a linear fireplace surrounded by horizontal planks with a dried boxwood plant in the forefrontWe’ve all heard of shiplap walls unless you’ve been living under a rock for the past decade. That’s when Joanna and Chip Gaines of Fixer Upper came on the scene to the masses. Shortly thereafter, it seemed everyone was decorating in Joanna’s farmhouse style. Then followed the newly built black and white modern farmhouses – they started popping up everywhere and shiplap became a household word.

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a desk with a laptop in front of a shiplap wall with a piece of aart

This is modern farmhouse style

Shiplapped entrance hallway farmhouse style black and white
Farmhouse exterior black and white

I'll admit I was a little skeptical.

I grew up in New England where classic homes with gorgeous millwork abound so I had seen these boards installed both horizontally and vertically many, many times…especially in beach homes. We call it planks or panels or beadboard (which actually has a small bead between the boards). And none of the homes I laid eyes on looked like the photos above.

Scott Sidler of The Craftsman Blog has a great explanation: “Shiplap is a 1x board that has a special rabbet or notch cut on the edges of the board in an alternating fashion. These rabbets allow the boards, when installed horizontally, to self-space themselves and keep water from getting behind them because they fit so perfectly.”

That would be pretty important for a boat, right? 

Wooden board with notched edges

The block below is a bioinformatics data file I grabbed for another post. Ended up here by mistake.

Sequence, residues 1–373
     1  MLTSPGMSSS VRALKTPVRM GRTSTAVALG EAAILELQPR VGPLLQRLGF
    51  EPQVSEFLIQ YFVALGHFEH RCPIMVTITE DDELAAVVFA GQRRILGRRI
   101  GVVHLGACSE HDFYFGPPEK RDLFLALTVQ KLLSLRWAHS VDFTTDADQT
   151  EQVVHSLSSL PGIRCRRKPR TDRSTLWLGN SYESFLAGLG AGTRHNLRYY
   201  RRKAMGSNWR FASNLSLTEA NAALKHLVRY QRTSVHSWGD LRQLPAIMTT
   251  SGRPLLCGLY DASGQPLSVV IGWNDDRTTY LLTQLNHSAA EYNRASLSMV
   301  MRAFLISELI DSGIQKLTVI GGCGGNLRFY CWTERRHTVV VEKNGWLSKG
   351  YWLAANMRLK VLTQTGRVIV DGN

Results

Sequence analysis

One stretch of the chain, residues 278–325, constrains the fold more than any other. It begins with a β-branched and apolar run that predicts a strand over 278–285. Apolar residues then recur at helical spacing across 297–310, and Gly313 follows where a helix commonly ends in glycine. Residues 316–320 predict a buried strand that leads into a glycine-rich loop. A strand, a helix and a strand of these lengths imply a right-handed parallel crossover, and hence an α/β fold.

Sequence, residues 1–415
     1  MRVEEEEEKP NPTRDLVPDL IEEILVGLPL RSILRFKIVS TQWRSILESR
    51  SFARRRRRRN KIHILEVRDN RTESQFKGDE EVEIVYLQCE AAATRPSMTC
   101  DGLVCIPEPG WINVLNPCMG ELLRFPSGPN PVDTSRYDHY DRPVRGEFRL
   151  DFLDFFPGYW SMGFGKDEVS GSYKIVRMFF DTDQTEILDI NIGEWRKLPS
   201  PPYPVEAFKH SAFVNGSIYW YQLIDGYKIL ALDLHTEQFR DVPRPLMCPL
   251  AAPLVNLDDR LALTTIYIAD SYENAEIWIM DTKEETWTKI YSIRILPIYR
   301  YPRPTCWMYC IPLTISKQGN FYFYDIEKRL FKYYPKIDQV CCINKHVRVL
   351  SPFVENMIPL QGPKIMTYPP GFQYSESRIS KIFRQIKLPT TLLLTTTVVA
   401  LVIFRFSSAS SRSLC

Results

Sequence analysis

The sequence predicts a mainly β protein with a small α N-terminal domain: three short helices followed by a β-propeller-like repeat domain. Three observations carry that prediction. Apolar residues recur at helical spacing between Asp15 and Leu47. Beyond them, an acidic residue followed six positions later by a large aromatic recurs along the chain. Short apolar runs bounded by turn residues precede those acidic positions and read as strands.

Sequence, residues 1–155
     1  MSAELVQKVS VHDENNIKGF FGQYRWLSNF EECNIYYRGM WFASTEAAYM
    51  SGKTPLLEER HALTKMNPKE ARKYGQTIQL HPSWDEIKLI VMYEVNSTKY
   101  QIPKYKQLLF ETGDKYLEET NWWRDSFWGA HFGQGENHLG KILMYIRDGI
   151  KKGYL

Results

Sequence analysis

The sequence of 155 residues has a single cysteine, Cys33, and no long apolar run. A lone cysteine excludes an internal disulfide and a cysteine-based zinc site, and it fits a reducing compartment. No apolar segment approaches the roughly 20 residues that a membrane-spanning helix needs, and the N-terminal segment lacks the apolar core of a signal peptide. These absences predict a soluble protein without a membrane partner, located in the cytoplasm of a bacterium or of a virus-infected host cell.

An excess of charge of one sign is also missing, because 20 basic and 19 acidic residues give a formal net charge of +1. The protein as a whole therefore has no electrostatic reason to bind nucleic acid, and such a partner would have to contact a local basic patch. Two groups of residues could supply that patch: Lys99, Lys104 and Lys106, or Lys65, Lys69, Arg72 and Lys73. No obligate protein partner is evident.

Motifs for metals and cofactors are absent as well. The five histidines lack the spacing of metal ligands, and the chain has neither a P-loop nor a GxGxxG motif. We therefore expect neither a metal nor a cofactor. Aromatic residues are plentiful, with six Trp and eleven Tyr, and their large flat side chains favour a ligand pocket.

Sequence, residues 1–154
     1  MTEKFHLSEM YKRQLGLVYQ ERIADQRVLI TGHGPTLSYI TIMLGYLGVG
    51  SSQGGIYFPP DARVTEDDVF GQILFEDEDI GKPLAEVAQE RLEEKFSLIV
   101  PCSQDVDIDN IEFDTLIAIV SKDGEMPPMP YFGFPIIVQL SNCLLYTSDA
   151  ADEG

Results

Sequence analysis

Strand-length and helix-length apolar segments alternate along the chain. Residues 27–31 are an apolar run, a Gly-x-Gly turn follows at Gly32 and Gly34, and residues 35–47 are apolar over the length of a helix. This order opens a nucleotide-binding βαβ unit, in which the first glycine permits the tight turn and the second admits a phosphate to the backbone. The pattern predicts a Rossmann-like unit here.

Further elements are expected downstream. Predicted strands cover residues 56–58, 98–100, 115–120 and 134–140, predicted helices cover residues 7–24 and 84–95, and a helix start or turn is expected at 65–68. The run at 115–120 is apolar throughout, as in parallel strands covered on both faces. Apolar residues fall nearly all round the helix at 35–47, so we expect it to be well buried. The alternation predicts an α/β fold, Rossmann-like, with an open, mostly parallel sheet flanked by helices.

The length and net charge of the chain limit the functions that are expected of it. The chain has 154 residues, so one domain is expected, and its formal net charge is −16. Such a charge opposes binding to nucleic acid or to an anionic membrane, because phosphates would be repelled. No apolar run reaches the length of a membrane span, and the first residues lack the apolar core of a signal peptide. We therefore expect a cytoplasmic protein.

The Craftsman Blog

Sheathing and Clapboard

Individual planks are fitted with tongue and groove and that’s usually what you see. What the Gaineses find behind the sheetrock is called sheathing – just plain squared-edged boards nailed next to each other, but let’s be honest, shiplap sounds so much sexier.

Older homes used clapboard for exterior siding so when homeowners wanted to enclose a porch they often left the clapboard in place and it became a wall on the interior. This has always been very common in coastal areas – think beach cottage. These boards overlap so they’re not exactly planks, but it’s the same idea and gives the appearance of a shiplap wall.

Enclosed porch addition with green clapboard

Rooms can be designed intentionally to look like
the exterior was enclosed

Sunroom addition with clapboard

Here’s a gorgeous example by ID Audrey Sterk. I can’t tell if it’s a recently enclosed porch or part of the original home, but when it looks this good it doesn’t matter!

Another example is shown in the following 2 photos – the owners’ suite in the Southern Living 2019 Idea House. ID Heather Chadduck designed the walls with planks and bracing, reinforcing the idea the room was once a porch. (And the perfect shiplap wall behind the bed.)

Bedroom with planking and bracing on the walls featuring a canopy bed
Bedroom sitting area overlooking Amelia River

It’s a new build, folks. The home is in Amelia Island, FL, and boasts the Amelia River as its backyard.